Ireland’s latest Oscar hopes?
In a busy Dublin barbers (guess which), the famous faces of cinematic clientele cover the rustic bricks. Dennis Hopper. Colin Farrell. Johnny Depp.
However, one person, above all, stands out: Saoirse Ronan. Clippings of all variety are collected into one poster-sized frame. Successes and trophies. Gowns and glamour. Anything Ronan related has been added to this Saoirse shine.
The underlying theme is this: Ireland loves Saoirse Ronan (and many hate her for this same fact).
At 21, the Irish starlet has already amassed six IFTA awards. She didn’t deserve all the praise (Byzantium, anyone?) but this adoration shows no signs of stopping. With Brooklyn, the red carpet will once again be rolled out for Ronan, and she will leave, IFTA in hand.
This time, however, she’ll deserve it completely.
Based on a book (of the same name) by Colm Tóibín, Brooklyn tells the story of Eilis, a young Enniscorthy girl who leaves a barren 1950’s Ireland for the hope-filled but scary Brooklyn. It follows her trials and tribulations as she adjusts to such a drastic change. The clothes, the cars, the men, the weather. Struggling at first, she soon becomes empowered by her new surroundings.
However, Ireland calls and she must consider leaving her life – and her love – in Brooklyn behind.
If there’s one word to describe Brooklyn it’s ‘polished.’ Not once does it stray into the grim territory of The Magdalene Sisters, or indulge itself in the mud of films like The Field. Brooklyn is a gently told story, perfectly weighing up the ways in which a person can get trapped in a life they don’t necessarily want. Although it may not seem it, the film centres itself on one of the most dramatic themes of all: a wasted life.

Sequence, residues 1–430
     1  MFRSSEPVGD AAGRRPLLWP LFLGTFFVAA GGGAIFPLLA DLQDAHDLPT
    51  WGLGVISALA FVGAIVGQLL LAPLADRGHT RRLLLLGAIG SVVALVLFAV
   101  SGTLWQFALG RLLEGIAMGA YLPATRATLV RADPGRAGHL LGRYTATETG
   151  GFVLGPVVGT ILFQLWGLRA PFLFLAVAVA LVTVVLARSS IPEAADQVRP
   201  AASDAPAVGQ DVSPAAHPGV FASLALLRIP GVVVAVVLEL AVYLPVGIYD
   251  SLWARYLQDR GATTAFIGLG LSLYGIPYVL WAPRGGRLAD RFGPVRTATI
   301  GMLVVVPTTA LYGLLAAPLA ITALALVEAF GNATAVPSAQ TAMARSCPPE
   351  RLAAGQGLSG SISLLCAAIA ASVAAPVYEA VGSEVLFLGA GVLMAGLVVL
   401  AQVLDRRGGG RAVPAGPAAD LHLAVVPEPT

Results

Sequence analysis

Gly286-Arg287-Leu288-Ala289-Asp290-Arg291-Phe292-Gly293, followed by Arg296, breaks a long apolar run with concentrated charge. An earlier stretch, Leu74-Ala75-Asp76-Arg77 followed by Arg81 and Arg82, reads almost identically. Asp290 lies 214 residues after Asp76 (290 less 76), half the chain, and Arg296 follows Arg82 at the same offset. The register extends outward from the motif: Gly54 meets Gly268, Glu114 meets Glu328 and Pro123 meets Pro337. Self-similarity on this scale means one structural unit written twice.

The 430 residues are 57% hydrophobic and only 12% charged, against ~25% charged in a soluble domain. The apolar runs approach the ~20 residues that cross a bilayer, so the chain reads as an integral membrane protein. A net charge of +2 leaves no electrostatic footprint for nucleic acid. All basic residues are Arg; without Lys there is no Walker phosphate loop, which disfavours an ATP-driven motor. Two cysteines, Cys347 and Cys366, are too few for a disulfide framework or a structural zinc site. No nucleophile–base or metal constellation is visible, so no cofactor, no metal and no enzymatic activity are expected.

With its detailed production design and lush cinematography, it would be easy to label it as ah-isn’t-that-nice Sunday evening entertainment. But it’s too rich, too textured to simply be on the BBC back-catalogue.
Ronan’s performance will garner her plenty of plaudits. For a 21 year-old to show this emotional maturity and complexity is incredible, especially when compared to your average 21 year-old Dubliner, who is still debating the best Burrito (fact: Boojum).
That said, the real shining star is Emory Cohen. He brings immense charm and vulnerability to the character of Tony, Eilis’s Brooklyn boyfriend. He’s her guiding light, the one who not only brings Eilis out of her shell, but also makes her forget she ever had a shell in the first place. Brooklyn’s biggest flaw is that he is too good, too enjoyable a screen presence. The film can show us as many beautiful landscapes as it wants, but even if Eilis must debate within herself, the audience knows Tony is the best choice.
Brooklyn was picked up immediately by Fox Searchlight, the distributor behind the last two Best Picture Winners. Being released in November, the peak Oscar film-time, hasn’t hurt its chances either.
Is it a popcorn movie? No. Is it a great movie? Yes.
Rían’s tweets can be read in both Enniscorthy & Brooklyn. Visit his Twitter to learn more.